LOS ANGELES - Los Angeles Police Chief Michel Moore said Tuesday that over the next three months the department will use added staff in its investigative and uniform units in an effort to curb an increase in homicides and gun violence in Los Angeles.
The department has a 20% solve rate for shooting victim cases and about a 70% solve rate for homicide cases, Moore said. The city has experienced 44 more homicides this year verse the same period last year, and has seen an additional 250 shooting victims. About 19 people were shot on average each week in the city in 2020, and Moore says the number has increased to 28 per week in 2021.
"We need to ensure that the public is working with us and us with the public to identify those responsible so that we can stop further acts of violence," Moore said. "I believe that our investment over the next 90 days – centering on what works, what we know as far as enforcement, what we know as far as community engagement and a uniformed presence in our communities – holds some promise to stem the tide of this increase that is occurring not just here but across the country."
He added that the department has had similar investments during previous summers.
Moore said that gang reduction specialists are in hospitals working with victims and families to "quell retaliation" and "try to dispel rumors and myths and to encourage people not to engage in violent crime and violent acts against one another."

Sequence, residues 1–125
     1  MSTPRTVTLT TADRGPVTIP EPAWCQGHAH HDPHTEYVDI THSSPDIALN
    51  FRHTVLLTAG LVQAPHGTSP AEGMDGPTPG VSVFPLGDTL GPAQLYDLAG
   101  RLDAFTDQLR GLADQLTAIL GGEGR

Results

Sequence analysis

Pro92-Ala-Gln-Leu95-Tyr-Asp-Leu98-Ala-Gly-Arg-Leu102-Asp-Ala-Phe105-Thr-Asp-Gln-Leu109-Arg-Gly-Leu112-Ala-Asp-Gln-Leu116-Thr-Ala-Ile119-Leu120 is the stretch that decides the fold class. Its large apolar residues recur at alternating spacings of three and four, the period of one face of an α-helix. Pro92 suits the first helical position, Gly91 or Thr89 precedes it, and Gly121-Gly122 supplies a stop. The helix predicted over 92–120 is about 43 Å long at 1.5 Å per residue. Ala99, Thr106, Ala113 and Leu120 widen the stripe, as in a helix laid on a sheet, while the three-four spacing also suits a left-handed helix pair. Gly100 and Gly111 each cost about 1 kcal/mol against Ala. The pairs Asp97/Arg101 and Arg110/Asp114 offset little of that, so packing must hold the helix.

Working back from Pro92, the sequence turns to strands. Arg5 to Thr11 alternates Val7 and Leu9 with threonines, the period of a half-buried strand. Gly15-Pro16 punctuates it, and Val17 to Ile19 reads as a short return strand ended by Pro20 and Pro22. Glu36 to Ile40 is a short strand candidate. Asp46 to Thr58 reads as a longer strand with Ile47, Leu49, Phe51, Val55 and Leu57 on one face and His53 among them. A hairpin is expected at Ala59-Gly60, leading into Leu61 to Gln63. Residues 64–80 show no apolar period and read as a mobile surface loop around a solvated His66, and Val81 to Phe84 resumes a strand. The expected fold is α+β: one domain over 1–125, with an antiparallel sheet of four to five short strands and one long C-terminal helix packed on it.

He said the department will especially focus on investigative resources over additional uniformed officers.
"We're leaning more towards the investigative resources to identify the underlying individuals, recognizing that hot-spot presence, just being there, is a very expensive engagement, and we can spend more time working with our community to identify those responsible and apprehending them, then we take off the street individuals who we believe are a small number of individuals that are creating the large majority of violent crime," Moore said.
The chief also emphasized the need to understand where people are obtaining firearms used for crime, and noted that President Joe Biden announced a gun trafficking task force for Los Angeles.
"What's critical is that we identify those that are holding those triggers and also identify the means of which they're coming into possession of those handguns and firearms so we can deter further violence," the chief said.
Moore expressed concern about the effect the latest surge in COVID-19 cases would have on violent crime as people retreat back into isolation. He has previously cited stress from the pandemic as a factor in increasing homicide and gun violence.
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